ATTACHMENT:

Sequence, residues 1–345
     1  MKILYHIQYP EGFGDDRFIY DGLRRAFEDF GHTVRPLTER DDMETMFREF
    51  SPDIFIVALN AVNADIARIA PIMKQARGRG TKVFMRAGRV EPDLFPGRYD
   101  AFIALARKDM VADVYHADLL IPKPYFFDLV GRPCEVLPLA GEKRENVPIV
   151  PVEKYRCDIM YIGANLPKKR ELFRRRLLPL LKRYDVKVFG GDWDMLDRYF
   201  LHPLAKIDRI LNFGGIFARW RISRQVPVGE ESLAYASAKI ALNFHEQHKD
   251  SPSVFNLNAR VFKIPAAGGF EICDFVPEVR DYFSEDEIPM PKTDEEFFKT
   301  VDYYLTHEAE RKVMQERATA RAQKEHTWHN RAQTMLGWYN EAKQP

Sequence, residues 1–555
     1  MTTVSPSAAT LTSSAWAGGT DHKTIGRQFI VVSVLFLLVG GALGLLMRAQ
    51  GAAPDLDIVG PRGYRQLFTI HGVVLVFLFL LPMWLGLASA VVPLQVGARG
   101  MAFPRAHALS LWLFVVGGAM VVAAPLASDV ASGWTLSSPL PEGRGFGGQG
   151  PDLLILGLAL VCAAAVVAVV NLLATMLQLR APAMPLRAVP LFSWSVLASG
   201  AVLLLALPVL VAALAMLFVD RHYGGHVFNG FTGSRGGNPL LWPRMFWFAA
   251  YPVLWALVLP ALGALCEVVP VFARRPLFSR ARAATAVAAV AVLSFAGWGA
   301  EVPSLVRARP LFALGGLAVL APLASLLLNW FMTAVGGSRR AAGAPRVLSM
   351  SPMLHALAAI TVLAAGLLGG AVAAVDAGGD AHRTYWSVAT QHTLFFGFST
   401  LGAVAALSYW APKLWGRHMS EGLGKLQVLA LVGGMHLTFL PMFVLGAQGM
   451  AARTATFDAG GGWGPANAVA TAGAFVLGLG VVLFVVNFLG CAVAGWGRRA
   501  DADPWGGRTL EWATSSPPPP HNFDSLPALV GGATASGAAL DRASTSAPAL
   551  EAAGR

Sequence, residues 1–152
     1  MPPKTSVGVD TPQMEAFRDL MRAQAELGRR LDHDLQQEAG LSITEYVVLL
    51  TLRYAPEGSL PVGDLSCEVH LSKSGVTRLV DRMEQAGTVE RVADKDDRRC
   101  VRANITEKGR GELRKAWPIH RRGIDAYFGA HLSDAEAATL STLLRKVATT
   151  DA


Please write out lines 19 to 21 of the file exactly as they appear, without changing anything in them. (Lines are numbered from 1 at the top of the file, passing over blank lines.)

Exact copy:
   451  AARTATFDAG GGWGPANAVA TAGAFVLGLG VVLFVVNFLG CAVAGWGRRA
   501  DADPWGGRTL EWATSSPPPP HNFDSLPALV GGATASGAAL DRASTSAPAL
   551  EAAGR